Sunday, July 24, 2016

Morphy's Knight in the Corner

For me, the most amazing thing about Morphy was not how far ahead he was of other players at that time. For me, it was the phenomenal ability to play crazy tactical positions blindfold, and his brilliance at odds games. Here's a game he won when he was about 12 against his uncle, playing at odds of a rook!

The final position is quite extraordinary, with a knight on h8 delivering mate!

Of course Black could have defended better, but that is hardly the point. Building a repertoire of mating patterns is more important than building an opening repertoire for most players. Building tactical awareness  and vision is the single most important improvement factor for beginners, and even intermediate level players.

Chessbase 13 allows a search of similar moves, and the unusual Ng6xh8 is certainly a move worth checking out. The database search brought up 751 games where the move Ng6xh8 has been played, of which white scores over 70%. One game that isn't in the database is Potter-Matthews London 1858.

1.e4 e5 2.d4 exd4 3.c3 [The Danish Gambit] 3..c5 4.Nf3 d6 5.Bc4 Nc6

So the first thing to consider if you really want to get a Ng6xh8 manouvre in, is that fast development is the key to early attacks. Morphy knew this as well as anyone. Open lines help as well! 6.0-0 d3 7.Re1 Bg4

Black's play has been too slow, too many pawn moves. If the centre was open, then black's king would be in the firing line. 8.e5 Nxe5? [one pawn grab too many]

9.Nxe5!! An excellent queen sacrifice 9..Bxd1

Now there's a discovered check on the e-file crying out to be played, but Potter wants more, he wants it to be a double check. 10.Bb5+ Ke7 11.Bg5+! A fantastic check skewering black's queen.

11..f6 Not the best defence, but black was lost whatever he did, so he might as well block the check and hold on to his queen. Anyway, it lets us see another Nxh8# move!!

Now it's mate in 2 starting with the double check 12.Ng6+ Kf7 13.Nxh8#

A very similar position has arisen to the Morphy-Le Carpentier game!

And for those of you who think these things are a bygone relic of the 1800's, here's a game from the 2000's. Now it won't be Grand Masters playing this sort of chess anymore, but then again, the majority of players reading this blog won't be Grand Masters. And even the GM's will have a chance to play this sort of thing during their simuls. So look at these games, add the pattern to your repertoire, and most importantly, don't let these things happen to you.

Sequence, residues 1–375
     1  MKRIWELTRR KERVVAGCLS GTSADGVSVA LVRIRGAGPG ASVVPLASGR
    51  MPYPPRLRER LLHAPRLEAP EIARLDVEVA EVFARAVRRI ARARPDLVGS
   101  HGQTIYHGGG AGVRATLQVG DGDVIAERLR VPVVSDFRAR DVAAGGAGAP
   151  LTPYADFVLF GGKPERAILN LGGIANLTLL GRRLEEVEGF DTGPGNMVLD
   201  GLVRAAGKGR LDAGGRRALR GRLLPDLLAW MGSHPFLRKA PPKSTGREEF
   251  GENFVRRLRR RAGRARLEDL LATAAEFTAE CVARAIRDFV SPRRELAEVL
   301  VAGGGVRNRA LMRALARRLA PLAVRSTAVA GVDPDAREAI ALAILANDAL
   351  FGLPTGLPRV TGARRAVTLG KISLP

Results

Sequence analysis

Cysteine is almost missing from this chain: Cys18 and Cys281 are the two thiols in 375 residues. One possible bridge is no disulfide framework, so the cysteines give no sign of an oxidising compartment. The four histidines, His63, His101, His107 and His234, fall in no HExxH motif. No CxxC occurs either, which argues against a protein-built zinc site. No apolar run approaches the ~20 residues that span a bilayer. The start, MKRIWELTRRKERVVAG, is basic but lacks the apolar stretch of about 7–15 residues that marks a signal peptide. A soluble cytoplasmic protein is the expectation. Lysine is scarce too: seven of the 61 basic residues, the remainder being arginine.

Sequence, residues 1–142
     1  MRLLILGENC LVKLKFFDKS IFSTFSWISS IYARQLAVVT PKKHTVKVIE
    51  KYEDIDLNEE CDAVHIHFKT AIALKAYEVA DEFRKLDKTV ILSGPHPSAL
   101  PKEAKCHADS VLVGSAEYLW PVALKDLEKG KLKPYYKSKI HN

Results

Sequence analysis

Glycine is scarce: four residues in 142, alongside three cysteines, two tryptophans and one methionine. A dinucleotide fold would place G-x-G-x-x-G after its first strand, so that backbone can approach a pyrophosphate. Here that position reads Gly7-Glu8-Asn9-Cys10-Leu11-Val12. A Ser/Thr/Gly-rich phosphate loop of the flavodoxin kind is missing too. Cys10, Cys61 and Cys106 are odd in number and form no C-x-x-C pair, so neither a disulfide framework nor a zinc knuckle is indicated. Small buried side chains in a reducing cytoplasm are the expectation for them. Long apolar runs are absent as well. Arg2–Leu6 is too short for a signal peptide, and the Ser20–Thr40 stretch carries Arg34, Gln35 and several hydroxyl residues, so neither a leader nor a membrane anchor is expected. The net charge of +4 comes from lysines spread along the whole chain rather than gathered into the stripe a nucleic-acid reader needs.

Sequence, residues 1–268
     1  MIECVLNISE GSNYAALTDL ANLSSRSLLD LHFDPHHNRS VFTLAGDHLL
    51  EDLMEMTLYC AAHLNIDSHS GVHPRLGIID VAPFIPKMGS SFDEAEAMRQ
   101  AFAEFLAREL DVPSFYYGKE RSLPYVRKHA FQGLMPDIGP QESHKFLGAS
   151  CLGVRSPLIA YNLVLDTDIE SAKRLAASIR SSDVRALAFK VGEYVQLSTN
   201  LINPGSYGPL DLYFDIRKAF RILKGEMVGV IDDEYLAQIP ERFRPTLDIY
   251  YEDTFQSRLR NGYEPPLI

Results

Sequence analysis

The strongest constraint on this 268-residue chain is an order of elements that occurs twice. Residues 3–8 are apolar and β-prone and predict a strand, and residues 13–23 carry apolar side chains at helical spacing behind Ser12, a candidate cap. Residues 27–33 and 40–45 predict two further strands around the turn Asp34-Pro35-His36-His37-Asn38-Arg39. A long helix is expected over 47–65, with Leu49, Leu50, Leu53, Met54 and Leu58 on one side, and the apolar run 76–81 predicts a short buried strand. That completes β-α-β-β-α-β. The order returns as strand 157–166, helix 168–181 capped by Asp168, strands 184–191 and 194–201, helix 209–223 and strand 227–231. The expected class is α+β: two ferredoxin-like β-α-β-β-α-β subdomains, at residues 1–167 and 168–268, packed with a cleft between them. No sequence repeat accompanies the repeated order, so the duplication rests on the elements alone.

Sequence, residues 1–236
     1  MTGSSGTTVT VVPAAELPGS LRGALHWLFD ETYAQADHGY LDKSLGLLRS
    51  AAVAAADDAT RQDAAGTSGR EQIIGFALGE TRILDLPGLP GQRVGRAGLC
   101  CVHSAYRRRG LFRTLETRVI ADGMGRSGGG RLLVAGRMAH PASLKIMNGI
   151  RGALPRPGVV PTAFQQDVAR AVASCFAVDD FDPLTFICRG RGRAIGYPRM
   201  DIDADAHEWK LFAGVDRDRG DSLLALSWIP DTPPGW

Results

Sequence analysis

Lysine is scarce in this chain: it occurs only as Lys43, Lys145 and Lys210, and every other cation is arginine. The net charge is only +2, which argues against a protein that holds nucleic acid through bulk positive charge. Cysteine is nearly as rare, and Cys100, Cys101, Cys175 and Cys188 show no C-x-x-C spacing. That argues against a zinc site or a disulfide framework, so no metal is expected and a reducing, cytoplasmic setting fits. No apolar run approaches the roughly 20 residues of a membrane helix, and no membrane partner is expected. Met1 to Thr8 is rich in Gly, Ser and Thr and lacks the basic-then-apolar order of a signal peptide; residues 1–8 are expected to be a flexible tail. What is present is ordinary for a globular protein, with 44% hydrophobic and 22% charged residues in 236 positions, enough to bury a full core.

In this position white has sacrificed a piece, but now has mate in 2 starting with the double check 1.Ng6+ and then 1..Kxf7 2.Nxh8#

Thursday, July 21, 2016

Line Opening with Paul Morphy

I put up a couple of positions by the great Paul Morphy from his most famous games the other day. Time to have a look.

Paulsen-Morphy USA ch 1857
This has been my game of the week this week for showing to kids. It starts with a sensible 4 knight's opening, there are some nice tricks, and some strange/poor moves that are instructive. Morphy, as black in this position played to his strength which was opening lines for rapid development. He came up with the great sacrifice, 17..Qxf3!! Paulsen must take back 18.gxf3

White's king has been ripped open, and Morphy's pieces now stream into the holes. 18..Rg6+ 19.Kh1 Bh3

[The threat is 20..Bg2+ 21.Kg1 Bxf3#. 20.Rg1 is not playable as white is mated after 20..Rxg1+ 21.Kxg1 Re1+ 22.Qf1 Rxf1#] Paulsen carried on but was forced to resign on move 28. Morphy did miss a couple of quicker mates, but the sacrifice of the queen on f3 to open lines was simply excellent.

The second position I put up was from the game Bird-Morphy London 1858, one of the most analysed games in history.

Bird-Morphy (m5) London 1858

I wonder if Morphy was thinking about his masterpiece against Paulsen from the previous year when he came up with a plan to offer his queen to open lines for rook and bishop. 17..Rxf2 An astounding idea, opening the third rank. This move, and the few following have been subject to an immense amount of analysis over the years. Was this sacrifice correct? Should the game have ended a win for black, a draw? Try googling bird-morphy and see what results come up, or just try to make the white defence stronger. 18.Bxf2 Qa3!!

An amazing queen move from Morphy! Obviously, the queen can't be taken, 19.axb3 Bxa3#. Notice the similarity to the Paulsen game? Bird, who wasn't the best defender succumbed to the onslaught on move 29, and one of the greatest queen moves of all time proved successful.

More Morphy to come....

International Chess Day

Did you know that July 20th is International Chess Day? No? Well, neither did I! Well, actually, I knew there was an International Chess Day, and it was sometime in the middle of the year, but July 20th didn't ring any bells of recognition for me.